5. Salt Improves Hydration

Adding salt to a drink stimulates carbohydrate absorption, which enhances water uptake. Every gram of carbohydrates consumed comes with 2.7 grams of water. So, when salt drives carbohydrates into the muscle tissue, it brings water along. The water pulled into muscle cells acts as a lubricant, which helps them function better. In addition to pulling water into the muscle cells, sodium also aids in keeping fluid balance within cells, along with potassium and magnesium. These nutrients help to transmit nerve impulses throughout the body, allowing muscles to contract and relax.

Sodium ingestion during or following endurance exercise stimulates thirst, which makes you turn to your water bottle more often. More consumption of water prompts recovery in two ways: rehydrating the body and increasing urine output, which in turn flushes the body of toxins that have accumulated during the workout.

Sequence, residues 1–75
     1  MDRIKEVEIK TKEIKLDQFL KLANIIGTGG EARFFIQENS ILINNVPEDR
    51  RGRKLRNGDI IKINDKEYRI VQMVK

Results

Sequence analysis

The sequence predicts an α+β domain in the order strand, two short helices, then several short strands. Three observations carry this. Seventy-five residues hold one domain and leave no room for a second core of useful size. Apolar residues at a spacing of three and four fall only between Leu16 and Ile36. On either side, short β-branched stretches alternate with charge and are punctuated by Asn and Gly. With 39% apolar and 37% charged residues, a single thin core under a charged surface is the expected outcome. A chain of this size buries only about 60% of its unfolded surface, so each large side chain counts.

A recent study examined the effectiveness of sodium-containing sports drinks in preventing hyponatremia and muscle cramps during prolonged exercise in the heat. The results concluded that sodium intake during prolonged exercise in the heat does play a significant role in preventing sodium losses that may lead to hyponatremia when fluid intake matches sweat losses.

How to Safely Get the Benefits of Salt

High Potassium Food (all measurements in mg per one cup serving): Potatoes – 925.55,  Bananas – 422.44, Dark leafy greens – 1308.96, Spinach – 838.80, Tomatoes – 426.60, Oranges – 237.11

If you’re looking to take control of your salt consumption, here are a few quick tips to help control sodium and make sure you are consuming enough to optimize your training:

Cut down on processed food. Junk food contains a lot of salt typically, but also other things that you don’t need in your diet. Many processed food contains salt because, without it, it can be completely inedible and tasteless. For example, a can of refried beans has 1,989 mg of sodium. Therefore it is critically important to tally up the total sodium you are consuming in a day. While the FDA does not regulate sodium levels in U.S. Food Supply, they recommend that individuals consume no more than 2,300 mg of sodium per day and that certain groups limit intake to 1,500 mg per day.